Ugly sta­tis­tics of youth un­em­ploy­ment

The Star Early Edition - - INSIDE -

WE LIVE in the age of un­de­clared na­tional emer­gency of youth un­em­ploy­ment.

Many of our young peo­ple are un­em­ploy­able as a re­sult of an ed­u­ca­tion sys­tem that needs ur­gent fix­ing and a po­lit­i­cal cul­ture that ig­nores their plight.

A re­cent Stats SA study, “So­cial Pro­file of Youth”, found that the per­cent­age of black African pro­fes­sional, man­age­rial and tech­ni­cal work­ers aged be­tween 25 to 34 has dropped by 2% over the past 20 years.

The re­port led statis­ti­cian gen­eral Pali Le­hohla to con­clude: “When par­ents are bet­ter equipped than the chil­dren, it’s a sign of re­gres­sion.”

You must have a cold heart not to be touched by this sad re­al­ity. Or you must be like the cap­tured po­lit­i­cal lead­ers who shame­lessly en­rich their friends and fam­i­lies un­der the guise of rad­i­cal eco­nomic trans­for­ma­tion.

These ir­re­spon­si­ble lead­ers ex­pect young peo­ple who are hun­gry of op­por­tu­ni­ties to ul­u­late while they steal state re­sources meant for youth ad­vance­ment.

Or you must be like those who have taken the say­ing, “It’s our turn to eat” to its log­i­cal con­clu­sion by spend­ing mil­lions of ratepay­ers’ money on fast foods while our young peo­ple go hun­gry.

Those of us who un­der­stand the history of the strug­gles of young black peo­ple who con­fronted the apartheid gov­ern­ment in 1976 do our best to im­prove the lives of young peo­ple through prac­ti­cal pro­grammes.

The ugly sta­tis­tics keep us awake at night. Youth un­em­ploy­ment, at a his­toric high of 38.6%, is a na­tional emer­gency that re­quires re­spon­si­ble lead­er­ship in pub­lic and pri­vate sec­tors.

The de­te­ri­o­rat­ing qual­ity of lead­er­ship in pub­lic in­sti­tu­tions could not have come at a worse time for our young peo­ple. As we see the des­per­a­tion in their faces ev­ery day, re­spon­si­ble lead­ers in all spheres of so­ci­ety should ask them­selves: how can we en­sure that the youth of to­day are bet­ter than those of yes­ter­day?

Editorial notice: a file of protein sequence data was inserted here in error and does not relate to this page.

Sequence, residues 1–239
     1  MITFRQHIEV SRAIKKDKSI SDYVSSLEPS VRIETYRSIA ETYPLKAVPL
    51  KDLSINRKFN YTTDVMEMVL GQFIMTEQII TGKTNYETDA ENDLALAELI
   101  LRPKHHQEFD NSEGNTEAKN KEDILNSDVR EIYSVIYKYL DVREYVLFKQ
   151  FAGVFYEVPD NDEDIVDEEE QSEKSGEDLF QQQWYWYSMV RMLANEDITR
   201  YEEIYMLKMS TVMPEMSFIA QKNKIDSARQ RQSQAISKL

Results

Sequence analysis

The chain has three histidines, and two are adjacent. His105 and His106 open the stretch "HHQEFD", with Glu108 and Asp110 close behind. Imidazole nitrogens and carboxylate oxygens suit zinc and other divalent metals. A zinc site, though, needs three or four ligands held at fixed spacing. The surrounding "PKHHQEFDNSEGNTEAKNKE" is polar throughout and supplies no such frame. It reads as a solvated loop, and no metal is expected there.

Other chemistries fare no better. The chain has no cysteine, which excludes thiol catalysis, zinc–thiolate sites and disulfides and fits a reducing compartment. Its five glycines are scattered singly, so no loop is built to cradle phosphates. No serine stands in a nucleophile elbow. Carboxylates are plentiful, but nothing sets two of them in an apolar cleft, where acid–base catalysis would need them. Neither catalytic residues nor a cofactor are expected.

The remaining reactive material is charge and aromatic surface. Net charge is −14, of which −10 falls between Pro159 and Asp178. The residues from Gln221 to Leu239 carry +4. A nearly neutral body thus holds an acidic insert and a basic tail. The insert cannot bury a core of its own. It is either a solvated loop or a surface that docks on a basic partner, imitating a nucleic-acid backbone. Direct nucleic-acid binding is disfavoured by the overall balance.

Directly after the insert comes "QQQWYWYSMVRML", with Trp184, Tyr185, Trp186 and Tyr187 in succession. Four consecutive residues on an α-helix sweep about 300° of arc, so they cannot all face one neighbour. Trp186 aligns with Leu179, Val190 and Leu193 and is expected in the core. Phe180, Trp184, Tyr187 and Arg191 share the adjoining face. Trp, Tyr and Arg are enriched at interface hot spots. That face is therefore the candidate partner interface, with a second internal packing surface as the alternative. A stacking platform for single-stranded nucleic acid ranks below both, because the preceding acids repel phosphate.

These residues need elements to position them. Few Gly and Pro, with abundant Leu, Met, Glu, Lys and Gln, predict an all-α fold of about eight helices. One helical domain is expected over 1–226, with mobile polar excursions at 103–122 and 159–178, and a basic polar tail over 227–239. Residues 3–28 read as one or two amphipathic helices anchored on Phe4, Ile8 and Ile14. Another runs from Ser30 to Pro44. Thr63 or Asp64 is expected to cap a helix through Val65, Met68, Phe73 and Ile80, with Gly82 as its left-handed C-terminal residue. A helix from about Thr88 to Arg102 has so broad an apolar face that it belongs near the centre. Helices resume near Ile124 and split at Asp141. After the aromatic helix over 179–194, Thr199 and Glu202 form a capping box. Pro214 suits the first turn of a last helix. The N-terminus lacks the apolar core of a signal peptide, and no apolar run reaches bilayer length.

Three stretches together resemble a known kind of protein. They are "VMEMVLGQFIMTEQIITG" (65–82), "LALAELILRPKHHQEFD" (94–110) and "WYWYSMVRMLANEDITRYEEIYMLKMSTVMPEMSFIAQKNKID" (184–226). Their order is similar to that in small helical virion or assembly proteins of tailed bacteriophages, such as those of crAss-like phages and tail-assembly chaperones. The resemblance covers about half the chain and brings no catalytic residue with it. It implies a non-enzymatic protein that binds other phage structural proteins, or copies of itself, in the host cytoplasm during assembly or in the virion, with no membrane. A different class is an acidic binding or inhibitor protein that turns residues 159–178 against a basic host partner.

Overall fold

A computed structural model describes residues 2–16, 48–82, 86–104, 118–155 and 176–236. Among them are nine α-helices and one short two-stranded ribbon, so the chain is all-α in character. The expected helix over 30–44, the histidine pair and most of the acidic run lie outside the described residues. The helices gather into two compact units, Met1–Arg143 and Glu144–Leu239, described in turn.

Par­ents should ask how they can en­sure that their chil­dren are bet­ter. Young peo­ple should also ask how they can do bet­ter than their par­ents. So­ci­ety pro­gresses when chil­dren do bet­ter than pre­vi­ous gen­er­a­tions.

Mul­ti­ply­ing job creators should be top pri­or­ity in all sphere of gov­ern­ment and in all sec­tors of our so­ci­ety.

At Mid­vaal we ini­ti­ated a Kgatelopele project aimed at train­ing young peo­ple to do busi­ness with the mu­nic­i­pal­ity to cre­ate jobs.

We are not obliv­i­ous to the short­com­ings of our train­ing in­sti­tu­tions. The Na­tional De­vel­op­ment Plan chal­lenges all sec­tors to fill the gaps left by our un­der-per­form­ing higher ed­u­ca­tion and train­ing in­sti­tu­tions.

It ac­knowl­edges that uni­ver­si­ties, which face high drop-out rates and grad­u­ate stu­dents who are not ad­e­quately pre­pared for the labour mar­ket, no longer hold the monopoly of knowl­edge pro­duc­tion.

It also states that 65% of stu­dents in train­ing col­leges are un­able to find work ex­pe­ri­ence. And the Sec­tor Ed­u­ca­tion and Train­ing Author­i­ties are hob­bled by their own in­ef­fi­cien­cies.

Al­though most of our uni­ver­si­ties don’t per­form ac­cord­ing to our ex­pec­ta­tions, those who grad­u­ate have a bet­ter chance to get a job. But the ris­ing un­em­ploy­ment rate of grad­u­ates means we have to keep re­flect­ing on how to as­sist grad­u­ates to be bet­ter pre­pared than their par­ents.

This means that other sec­tors, in­clud­ing mu­nic­i­pal­i­ties, should step up to the chal­lenge to close the skills gap and whet the ap­petite of young peo­ple to be en­trepreneurs.

This will not only as­sist with cre­at­ing job creators, but also nar­row our wide in­come in­equal­i­ties.

The high un­em­ploy­ment rate among young peo­ple is cou­pled with high lev­els of in­equal­ity, drug and al­co­hol abuse and a sense of lack of di­rec­tion.

The only ef­fec­tive way to deal de­ci­sively with un­em­ploy­ment, in­come in­equal­ity and poverty is through in­vest­ment in the train­ing of young peo­ple.

In his book Cap­i­tal in the Twen­tyFirst Cen­tury, French econ­o­mist Thomas Piketty says that in­equal­ity of in­come can be over­come through the dif­fu­sion of knowl­edge – that is, ed­u­ca­tion.

Re­spon­si­ble lead­ers who un­der­stand the chal­lenge posed by Piketty will en­sure that the dif­fu­sion of rel­e­vant knowl­edge among young peo­ple is fast­tracked and in­no­va­tion is re­warded.

The 19th cen­tury English econ­o­mist Al­fred Mar­shall was cor­rect to ob­serve that, “Al­though it is man’s wants in the ear­li­est stages of his de­vel­op­ment that give rise to his (eco­nomic) ac­tiv­i­ties, yet after­wards each new step up­wards is to be re­garded as the de­vel­op­ment of new ac­tiv­i­ties giv­ing rise to new wants, rather than of new wants giv­ing rise to new ac­tiv­i­ties.”

Put sim­ply, when the young man Mark Zucker­berg founded Face­book, no­body could claim they had wanted it be­cause it didn’t ex­ist.

It was only af­ter peo­ple had ex­pe­ri­enced it that they wanted it. In­vent­ing new ser­vices and prod­ucts will be cru­cial in what has been dubbed the fourth in­dus­trial revo­lu­tion.

Our youth must be glob­ally com­pet­i­tive to take part in the evo­lu­tion of new prod­ucts and ser­vices as in­ven­tors and work­ers.

A com­pet­i­tive youth will at­tract in­vestors who will be will­ing to fund the ger­mi­na­tion and growth of their in­no­va­tion.

Re­spon­si­ble lead­ers need to un­der­stand the cry of the youth, har­ness their en­er­gies and in­spire them with the ex­am­ple of good lead­er­ship. Baloyi is the mayor of Mid­vaal

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